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December 11, 2003
Would You Buy a Used Car from This Man? Or This One Either?

Yasser Arafat hinted at recognition of Israel as a Jewish state, according to a transcription of an interview with Henry Siegman, which this article describes as an "American Jewish activist":

Israel would receive sovereignty over the Western Wall — a remnant of the Second Temple compound — and the Jewish Quarter of the Old City, "because we recognize and respect the Jewish religion and the Jewish historical attachment to Palestine," according to the transcript.

Asked about Israel as a Jewish state, Arafat said that it was up to Israel to define itself, as long as it was democratic and guaranteed the rights of minorities.

Arafat included the reference to democracy and the rights of minorities to appeal to American and EU audiences, but left unspoken the tripping point of refugee return, through which Arafat hopes to establish a Palestinian primacy in Israel. Dore Gold, a Sharon adviser, makes this point in the article.

However, who is Henry Siegman, the "American Jewish activist"?

The AP wire story makes him sound like someone who pursues Jewish interests, as though this interview represented a unique outreach. However, a quick Google search reveals Siegman as an opponent of Israel, as this description on the web site Palestine: Information with Provenance states:

Henry Siegman Author Class: American Jew

Henry Siegman, an American Jew, was born in Europe and had to flee, via Vichy France and Morocco, to the United States. He says that what he went through as a child makes it easier to understand what it is like to be a Palestinian living under the "fear and humiliation" of Israeli occupation.

He is now (2002) a senior fellow on the Middle East at the Council on Foreign Relations, who publish Foreign Affairs.

At this page, this Palestinian support website hosted by an Irish university has a link to a number of abstracts of articles written in whole or part by Siegman. Some of the highlights from these abstracts:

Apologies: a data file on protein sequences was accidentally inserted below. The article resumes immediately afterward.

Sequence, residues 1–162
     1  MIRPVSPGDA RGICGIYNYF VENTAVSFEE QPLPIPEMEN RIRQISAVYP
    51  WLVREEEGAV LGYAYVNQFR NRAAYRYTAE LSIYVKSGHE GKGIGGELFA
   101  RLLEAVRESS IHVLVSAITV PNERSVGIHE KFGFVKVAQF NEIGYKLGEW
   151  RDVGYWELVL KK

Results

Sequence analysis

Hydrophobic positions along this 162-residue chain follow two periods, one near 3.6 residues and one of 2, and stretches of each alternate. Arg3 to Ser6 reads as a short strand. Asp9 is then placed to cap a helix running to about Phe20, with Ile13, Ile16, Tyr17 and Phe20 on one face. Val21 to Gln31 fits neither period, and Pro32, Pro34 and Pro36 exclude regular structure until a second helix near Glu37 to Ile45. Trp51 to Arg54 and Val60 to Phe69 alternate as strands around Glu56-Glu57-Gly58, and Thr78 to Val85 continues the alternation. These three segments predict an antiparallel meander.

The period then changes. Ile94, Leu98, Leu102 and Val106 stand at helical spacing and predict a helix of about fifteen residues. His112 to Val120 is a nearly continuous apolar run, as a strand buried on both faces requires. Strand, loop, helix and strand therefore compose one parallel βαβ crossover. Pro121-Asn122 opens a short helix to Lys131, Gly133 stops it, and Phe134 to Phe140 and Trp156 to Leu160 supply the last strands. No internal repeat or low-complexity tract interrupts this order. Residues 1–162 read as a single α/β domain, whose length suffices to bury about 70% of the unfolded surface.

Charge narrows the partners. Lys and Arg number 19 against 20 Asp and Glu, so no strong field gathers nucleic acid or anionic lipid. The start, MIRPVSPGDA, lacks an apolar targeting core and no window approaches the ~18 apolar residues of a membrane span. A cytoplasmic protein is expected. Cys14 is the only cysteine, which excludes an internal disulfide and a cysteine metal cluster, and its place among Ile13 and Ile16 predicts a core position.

"American Jewish organizations confuse support for the state of Israel and its people with an uncritical endorsement of the actions of Israeli governments," he said, "even when these governments do things that in an American context these Jewish organizations would never tolerate. It was inconceivable that a Jewish leader in America 20 or 30 years ago would be silent if a political party in the Israeli government called for the transfer of Palestinians — in other words, ethnic cleansing. Today, there are at least three such parties, but there has not been a word of criticism from American Jewish organizations. ... This is why I do not look to leaders of Jewish organizations, or to the political leaders of Israel, many of whom are Jewishly illiterate, to define for me the meaning of Jewish identity or solidarity. Classical Jewish sources are a far more reliable guide."

Whenever Americans express opinions about how other countries define themselves and govern their people, they are routinely castigated as imperialist, chauvinist, and/or parochial; if the American is George W. Bush or Ronald Reagan, he is called a cowboy. However, when an American publicly writes, originally in the New York Times, that the political leaders of Israel are "Jewishly illiterate", no one blinks an eye.

As reported by Akiva Eldar in Ha'aretz on November 28, 2000, the statement was made by Ben-Ami in the course of a Cabinet debate over a document prepared by the prime minister's office which purported to catalog a long list of Palestinian transgressions. Ben-Ami opposed the distribution of the document on the ground that no one in the West would be surprised that a people under occupation fails to honor agreements with its occupier: "Accusations made by a well-established society about how a people it is oppressing is breaking rules to attain its rights do not have much credence." ... Indifference to human suffering should not be a litmus test for citizenship in the Jewish state. Israelis, and Jews generally, have been unable to deal with this simple truth. Indeed, deep repression of that truth quickly became so pathological a need that Israelis even resent Palestinian expressions of sorrow and mourning over the disaster they suffered in 1948. Their observance of the Nakba (the Catastrophe) is seen by Israelis—even leftists—as evidence of Palestinian malevolence toward Jews.